The SCMs are reliable neck flexors when they fire in proper order. However, they serve as poor substitutes for longus capitis due to their insertion at the mastoid process. When reciprocally weakened, longus capitis muscles give way to powerful SCMs which are forced to fire first, causing the head to cock back into extension (not flexion). Neural and vascular structures embedded at the posterior O-A joint aren’t so happy with the excessive compression. Therapists may choose from several strategies to unwind this common head-on-neck imbalance pattern.
When the neck’s usual firing-order sequence is disrupted, synergistic muscles can torsion and compress facet joints, causing chronic degenerative conditions such osteoarthritis, migraines and dowager’s humps. The brain rectifies by layering the area with protective spasm, which perpetuates pain-spasm-pain cycles as the neck’s firing order pattern is further disrupted. Luckily, the trained eye can usually spot synergistic dominance patterns. The client’s gait may reveal certain body parts that appear frozen in time, as chronically embedded compensations have caused the brain to sacrifice complexity of movement for stability. Fortunately, simple tests help determine if synergistic dominance exists at a particular joint.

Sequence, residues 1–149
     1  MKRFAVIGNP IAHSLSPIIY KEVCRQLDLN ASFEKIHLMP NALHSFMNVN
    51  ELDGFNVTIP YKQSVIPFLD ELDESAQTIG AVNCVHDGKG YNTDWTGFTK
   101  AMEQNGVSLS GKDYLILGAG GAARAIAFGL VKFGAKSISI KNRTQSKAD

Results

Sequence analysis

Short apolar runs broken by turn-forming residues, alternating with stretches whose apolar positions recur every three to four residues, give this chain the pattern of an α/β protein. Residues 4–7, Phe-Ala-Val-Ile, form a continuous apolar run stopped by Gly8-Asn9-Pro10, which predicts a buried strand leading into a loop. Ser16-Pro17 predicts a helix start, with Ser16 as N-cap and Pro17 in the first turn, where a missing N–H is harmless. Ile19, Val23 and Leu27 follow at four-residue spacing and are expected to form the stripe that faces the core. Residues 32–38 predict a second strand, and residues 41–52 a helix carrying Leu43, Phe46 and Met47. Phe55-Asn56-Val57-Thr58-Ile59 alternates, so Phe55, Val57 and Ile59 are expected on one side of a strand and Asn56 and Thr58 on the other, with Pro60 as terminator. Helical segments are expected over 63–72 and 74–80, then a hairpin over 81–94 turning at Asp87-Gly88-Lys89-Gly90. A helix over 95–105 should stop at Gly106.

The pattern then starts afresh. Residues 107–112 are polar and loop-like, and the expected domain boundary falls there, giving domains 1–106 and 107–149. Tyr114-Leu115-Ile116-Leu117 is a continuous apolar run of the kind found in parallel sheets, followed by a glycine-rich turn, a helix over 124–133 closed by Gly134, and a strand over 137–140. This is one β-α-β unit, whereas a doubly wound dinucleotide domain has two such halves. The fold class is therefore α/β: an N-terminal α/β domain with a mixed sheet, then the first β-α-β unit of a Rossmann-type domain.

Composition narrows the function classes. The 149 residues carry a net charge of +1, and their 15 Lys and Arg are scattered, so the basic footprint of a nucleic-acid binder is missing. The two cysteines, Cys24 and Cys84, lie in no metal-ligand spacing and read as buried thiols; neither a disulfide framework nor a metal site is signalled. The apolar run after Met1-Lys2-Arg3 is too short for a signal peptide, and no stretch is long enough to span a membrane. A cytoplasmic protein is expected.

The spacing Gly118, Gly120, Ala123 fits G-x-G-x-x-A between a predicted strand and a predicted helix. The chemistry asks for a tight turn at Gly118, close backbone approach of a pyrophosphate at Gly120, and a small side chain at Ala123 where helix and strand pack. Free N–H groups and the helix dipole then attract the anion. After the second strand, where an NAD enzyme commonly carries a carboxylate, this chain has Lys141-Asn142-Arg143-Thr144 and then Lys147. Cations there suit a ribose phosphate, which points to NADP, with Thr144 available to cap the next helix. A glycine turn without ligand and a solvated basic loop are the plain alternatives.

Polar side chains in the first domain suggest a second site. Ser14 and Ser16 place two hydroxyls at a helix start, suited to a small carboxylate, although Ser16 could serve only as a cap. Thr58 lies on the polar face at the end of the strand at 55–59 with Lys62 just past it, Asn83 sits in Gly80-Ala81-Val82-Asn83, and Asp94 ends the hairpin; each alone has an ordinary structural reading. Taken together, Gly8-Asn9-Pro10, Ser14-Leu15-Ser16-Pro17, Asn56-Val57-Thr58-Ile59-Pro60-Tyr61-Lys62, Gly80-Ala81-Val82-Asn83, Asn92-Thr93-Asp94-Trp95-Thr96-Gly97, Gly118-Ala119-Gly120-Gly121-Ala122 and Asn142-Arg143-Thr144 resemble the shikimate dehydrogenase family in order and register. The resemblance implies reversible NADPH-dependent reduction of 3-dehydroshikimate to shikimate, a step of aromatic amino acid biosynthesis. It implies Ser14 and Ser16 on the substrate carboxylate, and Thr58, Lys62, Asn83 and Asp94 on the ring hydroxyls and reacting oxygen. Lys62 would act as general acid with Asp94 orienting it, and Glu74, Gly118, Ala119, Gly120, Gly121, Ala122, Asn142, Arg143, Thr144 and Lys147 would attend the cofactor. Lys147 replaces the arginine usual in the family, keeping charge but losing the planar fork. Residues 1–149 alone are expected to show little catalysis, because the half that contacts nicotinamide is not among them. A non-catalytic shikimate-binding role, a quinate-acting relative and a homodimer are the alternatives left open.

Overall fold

Read the full article that covers some of the tests and treatments for SCM.